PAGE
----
We can see why people might blame mental illness for mass shootings. In fact, close to 60% of perpetrators of mass shootings showed symptoms such as paranoia, delusions, and depression before they committed their crimes (Follman, 2012). There are two very important things to consider based on that fact. For one, 40% of mass shooters showed no symptoms of insanity at all. These 40% are people who were completely sane, and did something that is widely considered something only an insane person would do. The second aspect to consider is that although 60% showed some kind of symptoms, it doesn’t mean that their insanity necessarily caused the shooting, or that their insanity is innately biological. In fact, it does not even mean that they were insane. Someone can show symptoms of something and not necessarily have the disease that is associated with it. A sane person might become depressed if a loved one dies, become paranoid if someone is stalking them, or become delusional if they are lied to very convincingly.

So what we have is a bunch of mass shootings (on the rise the last two decades), and they are committed by 40% definitely sane people, and 60% possibly sane or insane people. Even if we perfectly treated every mentally ill person, there would still be at least 40% of the mass shootings that would occur (and likely a lot more). When we examine all gun killing, only 5% was committed by people with a mental illness of some kind between 2001-2010 (Centers for Disease Control). Gun violence cannot be isolated to mental illness. The highest predictors of gun violence in general are actually a history of childhood abuse and binge drinking (Van Dorn, 2012). Instead of a proposed registry of mentally ill people, it would be more suitable to have a registry of victims of child abuse and alcoholics. A registry, of course, would be absurd, but it is important to recognize some of those links and how they might eventually create gun violence, and take steps to prevent it. This is clearly not an issue for psychologists to deal with on their own.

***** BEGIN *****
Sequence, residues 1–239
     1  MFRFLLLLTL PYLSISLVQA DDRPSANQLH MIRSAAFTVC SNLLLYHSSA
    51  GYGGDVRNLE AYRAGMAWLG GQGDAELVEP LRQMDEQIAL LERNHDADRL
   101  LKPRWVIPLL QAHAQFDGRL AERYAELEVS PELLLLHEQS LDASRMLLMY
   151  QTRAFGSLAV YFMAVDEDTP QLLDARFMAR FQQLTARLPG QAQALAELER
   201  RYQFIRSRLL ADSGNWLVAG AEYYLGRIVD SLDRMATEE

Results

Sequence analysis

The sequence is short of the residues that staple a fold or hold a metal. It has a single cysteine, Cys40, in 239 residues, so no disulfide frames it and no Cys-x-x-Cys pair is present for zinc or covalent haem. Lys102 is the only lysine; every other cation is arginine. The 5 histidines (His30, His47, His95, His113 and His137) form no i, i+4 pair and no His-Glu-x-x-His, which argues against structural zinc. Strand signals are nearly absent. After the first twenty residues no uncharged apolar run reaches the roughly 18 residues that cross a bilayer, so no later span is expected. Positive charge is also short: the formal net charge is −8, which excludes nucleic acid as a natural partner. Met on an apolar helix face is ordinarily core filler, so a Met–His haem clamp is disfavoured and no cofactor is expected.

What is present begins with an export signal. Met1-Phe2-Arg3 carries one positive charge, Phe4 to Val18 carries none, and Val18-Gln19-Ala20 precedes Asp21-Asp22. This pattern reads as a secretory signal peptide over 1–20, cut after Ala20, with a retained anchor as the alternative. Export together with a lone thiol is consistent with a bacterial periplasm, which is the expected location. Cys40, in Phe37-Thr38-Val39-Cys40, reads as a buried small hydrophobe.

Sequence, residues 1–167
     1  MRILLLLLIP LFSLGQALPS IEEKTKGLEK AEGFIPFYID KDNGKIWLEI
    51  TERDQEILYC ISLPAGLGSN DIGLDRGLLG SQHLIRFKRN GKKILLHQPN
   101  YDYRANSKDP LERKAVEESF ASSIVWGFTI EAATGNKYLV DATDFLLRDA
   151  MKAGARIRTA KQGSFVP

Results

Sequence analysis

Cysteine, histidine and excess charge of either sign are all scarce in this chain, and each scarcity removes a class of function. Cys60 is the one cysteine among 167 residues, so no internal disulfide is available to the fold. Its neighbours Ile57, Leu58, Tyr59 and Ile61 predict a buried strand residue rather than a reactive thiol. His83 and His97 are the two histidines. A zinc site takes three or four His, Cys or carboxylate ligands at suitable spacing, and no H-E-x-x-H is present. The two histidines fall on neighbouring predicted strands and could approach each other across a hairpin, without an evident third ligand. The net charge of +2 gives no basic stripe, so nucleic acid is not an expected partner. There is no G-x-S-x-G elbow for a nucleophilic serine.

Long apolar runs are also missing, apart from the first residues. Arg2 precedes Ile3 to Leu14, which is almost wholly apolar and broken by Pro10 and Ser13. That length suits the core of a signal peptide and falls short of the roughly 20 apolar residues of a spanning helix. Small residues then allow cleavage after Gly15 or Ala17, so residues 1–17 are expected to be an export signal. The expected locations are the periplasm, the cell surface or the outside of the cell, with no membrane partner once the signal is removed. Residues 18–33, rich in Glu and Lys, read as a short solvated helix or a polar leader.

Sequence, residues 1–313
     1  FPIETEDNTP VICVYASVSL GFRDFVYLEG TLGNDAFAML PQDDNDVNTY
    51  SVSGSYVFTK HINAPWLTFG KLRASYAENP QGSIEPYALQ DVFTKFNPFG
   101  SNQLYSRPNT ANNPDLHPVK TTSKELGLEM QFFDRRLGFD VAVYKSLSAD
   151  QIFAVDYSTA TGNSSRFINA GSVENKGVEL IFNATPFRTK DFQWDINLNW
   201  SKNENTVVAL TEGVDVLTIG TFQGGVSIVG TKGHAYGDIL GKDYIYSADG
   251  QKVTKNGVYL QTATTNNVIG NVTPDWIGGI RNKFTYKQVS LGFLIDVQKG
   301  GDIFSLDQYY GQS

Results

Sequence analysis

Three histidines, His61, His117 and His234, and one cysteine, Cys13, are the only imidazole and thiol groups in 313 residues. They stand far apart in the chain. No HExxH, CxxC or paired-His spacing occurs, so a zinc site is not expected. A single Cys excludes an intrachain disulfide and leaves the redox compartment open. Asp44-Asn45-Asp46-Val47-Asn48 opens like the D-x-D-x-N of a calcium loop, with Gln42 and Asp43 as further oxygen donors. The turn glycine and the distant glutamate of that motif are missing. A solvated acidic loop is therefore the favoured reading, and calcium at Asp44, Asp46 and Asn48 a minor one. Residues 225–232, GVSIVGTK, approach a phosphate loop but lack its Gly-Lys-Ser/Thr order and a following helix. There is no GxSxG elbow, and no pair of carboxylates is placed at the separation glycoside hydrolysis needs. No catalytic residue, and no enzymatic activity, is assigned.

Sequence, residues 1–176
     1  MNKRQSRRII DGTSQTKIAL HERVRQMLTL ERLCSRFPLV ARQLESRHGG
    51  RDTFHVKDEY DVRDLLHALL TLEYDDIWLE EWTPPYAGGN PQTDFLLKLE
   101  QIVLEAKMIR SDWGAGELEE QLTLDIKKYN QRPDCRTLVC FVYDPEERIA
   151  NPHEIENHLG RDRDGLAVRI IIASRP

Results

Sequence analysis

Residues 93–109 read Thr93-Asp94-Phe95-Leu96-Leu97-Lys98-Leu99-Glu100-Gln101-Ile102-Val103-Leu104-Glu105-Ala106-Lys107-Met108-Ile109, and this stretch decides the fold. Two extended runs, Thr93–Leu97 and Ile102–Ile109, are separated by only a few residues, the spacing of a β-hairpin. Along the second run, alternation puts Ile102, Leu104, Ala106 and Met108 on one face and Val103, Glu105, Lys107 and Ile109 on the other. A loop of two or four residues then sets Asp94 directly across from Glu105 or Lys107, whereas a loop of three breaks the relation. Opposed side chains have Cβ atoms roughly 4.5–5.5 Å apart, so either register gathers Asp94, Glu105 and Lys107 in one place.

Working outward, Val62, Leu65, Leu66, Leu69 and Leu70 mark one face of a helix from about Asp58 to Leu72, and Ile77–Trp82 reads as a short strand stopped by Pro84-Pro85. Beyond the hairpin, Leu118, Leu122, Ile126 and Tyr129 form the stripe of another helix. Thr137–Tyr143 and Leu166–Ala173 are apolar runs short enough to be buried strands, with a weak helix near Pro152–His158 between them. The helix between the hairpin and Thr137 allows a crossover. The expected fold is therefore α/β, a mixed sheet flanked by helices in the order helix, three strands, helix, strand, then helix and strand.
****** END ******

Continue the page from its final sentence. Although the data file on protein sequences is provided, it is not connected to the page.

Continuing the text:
Killing Machines

Consider this: there is a certain machine that results in the death of over 30,000 Americans each year. An initial reaction would be that we should get rid of that machine, but what if that machine served a great purpose? It would have to be a very important purpose to justify the deaths of so many people. The machine I’m talking about, of course, is motor vehicles. The value of motor vehicles is incredible to our way of life. Eliminating vehicles would be horrendous for society. Society is built around an assumption of ease of transportation. People wouldn’t be able to get to work, school, the grocery store, etc. The economy would crash. It would be a disaster. We can tell the value of a given thing by the measure of how detrimental it’s absence would be. Cars are extremely valuable, and ultimately warrant the deaths of a few for a much greater good.